Recovery is not the only “R” word that Stuart Rose, chief executive of Marks and Spencer, must find hard to utter, writes Carlos Grande.
For while plenty of ink has been spilt lauding the impact of the retailing chain’s food and fashion advertising on its recent sales pick-up, rather less has been written on the ad agency responsible for the campaigns: Rainey Kelly Campbell Roalfe/Y&R.
For the record, Mark Roalfe is creative director on the account and James Murphy, the agency’s chief executive, runs the business side of the account, which RKCR/Y&R won in 2000.
Although the agency does not speak about the M&S business, we hope for its sake it is being paid by that other “R” word – results.
When it comes to North Korea and international finance, there can be few people with the record of Colin McAskill, the 66-year- old Briton advising the newly established Chosun Fund on investing in Kim Jong-il’s “socialist paradise”.
Mr McAskill started dealing with North Korea in 1978. In 1987, he held the mandate to restructure the country’s debt to the London Club of commercial creditors, at that time estimated at $900m (£485m).
Making money in one of the world’s most closed economies seems like a thankless task. If experience counts, Mr McAskill has a head start.
A glass, darkly
GlaxoSmithKline may have been a bit taken aback when Tachi Yamada, the head of the drug company’s research and development arm, said he was quitting. All the same, it gave him a stellar retirement present.
The object in question is a thick glass globe. It shows the constellations but its meaning is less clear.
Could it be a reminder that Yamada – an academic for many years who is joining the Bill & Melinda Gates Foundation, the philanthropic organisation – is a star-gazer at heart?
Or will it be a crystal ball for the fate of GSK’s drugs pipeline that he fostered over the past six years?
Carbs and arbs
The “Once a Week Work-out” is our second favourite exercise regime. It is just pipped by the “Never Again” system based on near continuous lolling on a Bedouin divan while being fed tiny white grapes.
Still, we might be tempted to the Holland Park fitness studio of Mark Anthony, the originator of said weekly work-out, to pick up gossip from his City trader clients.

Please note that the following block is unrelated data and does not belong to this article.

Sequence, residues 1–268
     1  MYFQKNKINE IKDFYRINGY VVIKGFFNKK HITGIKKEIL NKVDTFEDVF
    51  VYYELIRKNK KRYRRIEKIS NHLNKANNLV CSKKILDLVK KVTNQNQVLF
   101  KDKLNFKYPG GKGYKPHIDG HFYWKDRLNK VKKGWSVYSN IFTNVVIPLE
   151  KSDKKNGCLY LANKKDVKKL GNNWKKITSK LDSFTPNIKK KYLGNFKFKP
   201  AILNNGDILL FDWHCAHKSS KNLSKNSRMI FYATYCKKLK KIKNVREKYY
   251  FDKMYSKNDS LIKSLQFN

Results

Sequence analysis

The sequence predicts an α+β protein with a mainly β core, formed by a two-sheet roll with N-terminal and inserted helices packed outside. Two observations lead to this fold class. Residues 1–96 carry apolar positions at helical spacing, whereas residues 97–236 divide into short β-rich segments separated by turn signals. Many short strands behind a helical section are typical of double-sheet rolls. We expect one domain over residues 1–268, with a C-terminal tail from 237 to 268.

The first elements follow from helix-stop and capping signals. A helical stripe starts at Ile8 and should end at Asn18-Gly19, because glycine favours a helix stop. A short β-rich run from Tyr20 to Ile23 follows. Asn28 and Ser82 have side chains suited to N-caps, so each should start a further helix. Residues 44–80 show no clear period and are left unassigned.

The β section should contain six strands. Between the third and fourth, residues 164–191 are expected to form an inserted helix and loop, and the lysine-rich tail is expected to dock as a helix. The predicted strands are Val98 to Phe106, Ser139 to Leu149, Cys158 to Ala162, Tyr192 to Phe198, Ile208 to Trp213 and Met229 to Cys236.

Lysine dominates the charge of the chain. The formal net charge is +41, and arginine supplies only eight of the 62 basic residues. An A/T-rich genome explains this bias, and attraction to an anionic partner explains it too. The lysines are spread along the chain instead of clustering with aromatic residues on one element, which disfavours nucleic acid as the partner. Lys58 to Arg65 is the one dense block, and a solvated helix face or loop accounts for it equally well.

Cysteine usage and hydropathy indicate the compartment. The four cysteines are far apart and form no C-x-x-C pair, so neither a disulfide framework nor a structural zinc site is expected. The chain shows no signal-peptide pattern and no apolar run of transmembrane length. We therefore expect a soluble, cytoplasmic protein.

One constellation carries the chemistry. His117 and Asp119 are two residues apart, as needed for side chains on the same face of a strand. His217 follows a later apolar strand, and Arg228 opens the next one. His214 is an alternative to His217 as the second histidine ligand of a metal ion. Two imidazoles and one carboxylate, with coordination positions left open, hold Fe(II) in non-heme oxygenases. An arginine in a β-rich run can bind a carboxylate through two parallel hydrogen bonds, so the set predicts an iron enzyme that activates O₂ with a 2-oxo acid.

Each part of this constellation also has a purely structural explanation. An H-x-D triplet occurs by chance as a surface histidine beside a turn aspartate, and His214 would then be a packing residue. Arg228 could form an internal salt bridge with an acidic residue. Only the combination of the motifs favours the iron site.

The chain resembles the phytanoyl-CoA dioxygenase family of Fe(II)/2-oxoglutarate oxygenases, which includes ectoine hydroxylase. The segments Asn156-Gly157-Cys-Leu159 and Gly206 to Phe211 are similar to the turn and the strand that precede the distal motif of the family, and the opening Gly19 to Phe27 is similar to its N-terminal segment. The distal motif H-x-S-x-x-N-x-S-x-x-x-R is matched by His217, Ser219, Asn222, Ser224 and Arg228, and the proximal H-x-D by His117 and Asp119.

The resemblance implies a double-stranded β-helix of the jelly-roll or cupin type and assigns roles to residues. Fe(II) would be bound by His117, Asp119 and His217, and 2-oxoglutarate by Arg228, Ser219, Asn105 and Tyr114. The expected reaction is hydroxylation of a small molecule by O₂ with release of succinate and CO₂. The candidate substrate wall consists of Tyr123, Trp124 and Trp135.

Mr Anthony says there is a six-month waiting list for his sessions, with appointments so closely segued that rival traders can pass each other at the beginning/end of work-outs.
“Bankers are the most reliable clients, much more so than celebrities because they are so motivated,” Mr Anthony tells us.
Mudlark had half-laced a pair of tennis shoes in anticipation of a trip to west London before we found out weekday sessions can start at 5.30am.
“I used to begin earlier,” Mr Anthony said.
For now, we will stick to our loitering in tents.
From FIFA to IFA
The National Association of Pension Funds’ annual conference boasts a surprisingly glamorous guest list. Alongside John Hutton, the work and pensions secretary, and his Tory shadow, Philip Hammond at the event on June 8 and 9 will be the distinctively bald figure of Pierluigi Collina.
Best-known for refereeing football games such as the 2002 Germany vs Brazil World Cup Final, Mr Collina retired from refereeing last year but remains an independent financial adviser.
The event’s closing speaker is one Alastair Campbell, the former Number 10 spin doctor not traditionally associated with the use of the whistle in dispute resolution.
Few sponsorship requests are accompanied by a hand-written endorsement from the Prince of Wales. So Amelia Fawcett, vice-chairman of Morgan Stanley International, starts at an advantage as she tries to raise £250,000 for the Breakthrough Breast Cancer Generations Appeal.
Fawcett will skipper a 47ft sailboat with a four-man crew from Massachusetts to Falmouth, embarking on June 25. She is underwriting the entire cost of the voyage, so all money raised will go to the charity. www.makewaves4breakthrough.com